Easiest Way to Learn to Drive a Manual Transmission or Stick Shift Car
Hey guys! I am here today to teach you the easiest way to drive a manual transmission car (also known as a stick shift or "standard" transmission). After studying this detailed guide, you will be able to start the car, get it moving, and then upshift into higher gears with ease.
Don't be disappointed if you don't get it at first. It took me a while to get used to a stick shift, but it was well worth it! Keep practicing and practicing and you will get it! Have fun!
At the end, I have included some common questions about driving a stick shift and some basic tips on how to drive an automatic transmission car as well.
How to Drive a Manual or Stick Shift Car for Beginners
- Find a flat, paved place with no one around where you can practice.
- Get to know where the gears are with the engine off.
- Push in the clutch and start the engine.
- With the clutch still in, move the stick to first gear.
- Slowly release the clutch until the car starts to roll a little.
- With your left foot still on the clutch, give the car a little gas with your right foot until the tachometer reads 1000 or 2000 rpm.
- When you feel the gear engage, release the clutch with your right foot still on the gas. With just the right amount of gas, your car will begin to move forward.
My Experience Learning How to Drive a Stick Shift
I had always wanted to drive a stick shift because it seemed very fun and cool. When I got my 2012 Mustang GT with a manual transmission, I was so excited about driving it. I looked up some guides on how to drive a manual car and didn't think it was going to be difficult to learn. How wrong I was. My 412-horsepower and 390-torque Coyote engine was a difficult car to drive. I stalled it left and right.
My problem may have been that all the guides I looked at on the internet were telling me to "slowly roll off the clutch." I was doing just that, but the ride was still jerky. Eventually I learned that you don't need to step on the gas to get the car moving. Depending on the speed at which the engine idles—that is, the speed it runs at when you're not pushing on the gas pedal—just releasing the clutch some will move the car to an extent.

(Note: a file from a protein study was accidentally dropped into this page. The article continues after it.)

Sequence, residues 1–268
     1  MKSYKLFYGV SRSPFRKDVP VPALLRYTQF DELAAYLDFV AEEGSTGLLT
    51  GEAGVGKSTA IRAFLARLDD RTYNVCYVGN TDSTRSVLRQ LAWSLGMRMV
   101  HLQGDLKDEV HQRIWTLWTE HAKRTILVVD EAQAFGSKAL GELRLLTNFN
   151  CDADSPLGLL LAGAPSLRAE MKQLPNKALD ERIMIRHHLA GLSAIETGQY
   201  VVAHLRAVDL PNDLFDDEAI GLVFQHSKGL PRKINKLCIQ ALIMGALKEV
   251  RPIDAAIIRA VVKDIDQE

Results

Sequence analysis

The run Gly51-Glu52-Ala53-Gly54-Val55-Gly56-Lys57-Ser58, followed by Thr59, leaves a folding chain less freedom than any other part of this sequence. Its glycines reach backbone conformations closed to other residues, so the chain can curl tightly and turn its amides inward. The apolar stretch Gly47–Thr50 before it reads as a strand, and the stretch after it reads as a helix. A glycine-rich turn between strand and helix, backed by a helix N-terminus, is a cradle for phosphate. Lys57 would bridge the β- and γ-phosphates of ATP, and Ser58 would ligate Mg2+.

I played with the clutch and got a feel for the friction point or biting point; that is, the point where the car is rolling, but the clutch is asking you to add more gas. At this point, you feel a little resistance, a little vibration from the clutch pedal; the car is asking for enough gas so that it can run when the clutch is fully out.
After incorporating what I had learned with this new-found technique, my first start was the smoothest one yet. I wished that someone had told me this tip earlier, instead of me wasting two days trying to "roll off the clutch."
Adjust Your Mirrors
Get to Know Where the Gears Are
Know the Pedals
Start the Car in Neutral
To start the car, push the clutch in all the way in, hold it down, and turn the key.
Make sure the car is in neutral before releasing the clutch. The neutral slot is the empty space between the gears, represented by the bar in the middle of the "H." To see if you are in neutral, wiggle the stick gently to see if you can move it left and right. If you can, you are in neutral.
Now you are just sitting there with the engine running, doing nothing and going nowhere, which is just fine for this first step.
Shift Into First Gear
Now push the clutch in all the way, and put the car into first gear using the gear stick. You'll usually find first gear by pushing the stick left and then away from you.
Keep the clutch in or you will stall the car! But don't worry: You will stall trying to shift into gear, but with time you will get it!
Release the Emergency Brake